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Re: [CSS21] The 'clear' property on table wrappers.

From: Simon Sapin <simon.sapin@kozea.fr>
Date: Sun, 17 Jun 2012 19:59:41 +0200
Message-ID: <4FDE1B0D.2030402@kozea.fr>
To: Anton Prowse <prowse@moonhenge.net>
CC: CSS 3 W3C Group <www-style@w3.org>
Le 17/06/2012 12:37, Anton Prowse a crit :
> I'm not sure what it means to apply 'counter-increment' and
> 'counter-reset' to a box, since they're not formatting controls in the
> typical sense and their functionality is scoped only in terms of the
> document tree.  (In particular, a table caption is always in the scope
> of those properties when they're set on a box with display:table.)  What
> would be the difference if you "applied" them to the table box in your
> implementation?  Of course, if an implementation relied on converting
> that scoping mechanism into one which acted on the box tree then I
> understand why it would be necessary to apply the properties to the
> wrapper box... but that would be an implementation detail, surely.

Scoping counters on boxes rather than elements makes sense because of:
http://dev.w3.org/csswg/css3-lists/#counters-without-boxes

Then it depends on an implementation details: whether counter values are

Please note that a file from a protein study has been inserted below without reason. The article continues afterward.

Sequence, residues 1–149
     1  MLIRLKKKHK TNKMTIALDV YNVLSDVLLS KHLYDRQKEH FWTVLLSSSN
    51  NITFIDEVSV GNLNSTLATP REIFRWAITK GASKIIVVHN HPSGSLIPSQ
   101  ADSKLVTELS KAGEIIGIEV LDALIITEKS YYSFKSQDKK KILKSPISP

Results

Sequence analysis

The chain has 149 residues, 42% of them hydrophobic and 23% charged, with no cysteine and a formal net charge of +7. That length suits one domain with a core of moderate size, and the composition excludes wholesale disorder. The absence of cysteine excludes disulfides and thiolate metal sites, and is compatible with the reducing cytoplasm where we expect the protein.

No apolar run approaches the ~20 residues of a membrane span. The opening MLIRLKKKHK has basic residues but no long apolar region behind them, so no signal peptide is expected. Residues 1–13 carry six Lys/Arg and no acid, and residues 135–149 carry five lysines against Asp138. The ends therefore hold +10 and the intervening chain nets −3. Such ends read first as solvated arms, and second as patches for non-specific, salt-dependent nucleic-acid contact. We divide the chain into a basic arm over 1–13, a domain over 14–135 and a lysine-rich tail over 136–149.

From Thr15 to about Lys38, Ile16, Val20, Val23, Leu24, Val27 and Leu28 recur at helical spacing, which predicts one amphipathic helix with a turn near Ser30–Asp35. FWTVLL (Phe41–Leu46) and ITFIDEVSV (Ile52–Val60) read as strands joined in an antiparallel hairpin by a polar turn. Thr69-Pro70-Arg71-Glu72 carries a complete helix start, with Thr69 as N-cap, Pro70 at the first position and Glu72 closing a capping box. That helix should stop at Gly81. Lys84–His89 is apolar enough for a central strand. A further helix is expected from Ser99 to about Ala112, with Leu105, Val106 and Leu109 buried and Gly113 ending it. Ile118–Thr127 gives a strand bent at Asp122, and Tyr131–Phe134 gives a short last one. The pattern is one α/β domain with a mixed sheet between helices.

resolved before or after table wrappers are created. Currently 
WeasyPrint does it before (so having counter properties in the list has 
no effect.) But that may change in the future: resolve during the layout 
so that elements can use page counters, and page-margin boxes non-page 
counters.

The use case I had in mind was something like this:

table { counter-increment: table-num }
table:before { content: "Table n " counter(table-num);
                display: table-caption }
/* Still increment: */
table.nocaption:before { display: none }


> For me, a simple guiding principle is that the principal box [roughly:
> the outermost one] of the table "structure" is the wrapper box, and so
> properties which influence the relationship between the structure and
> the world around it should apply to the wrapper box.  Other properties,
> when non-inherited, should typically apply to the table box, since
> caption boxes can styled independently.

This principle sounds good.


> To be honest though, I'm not sure that there's really any golden rule
> here.  The reason that the (non-inherited) 'border' property applies to
> the table box and not to the table wrapper box, for example, is merely
> because that's what matches the most common typographic need.

Yes, these are principle, not rules. (Though Im not sure of the precise 
English word.) Principles only help to decide for each individual property.

Anyway, Im not sure any of this is really important for interop. My 
main point in this thread is that implementations may need to extends 
the list to be consistent with themselves. (If only with CSS3 properties.)

Regards,
-- 
Simon Sapin
Received on Sunday, 17 June 2012 18:00:12 GMT

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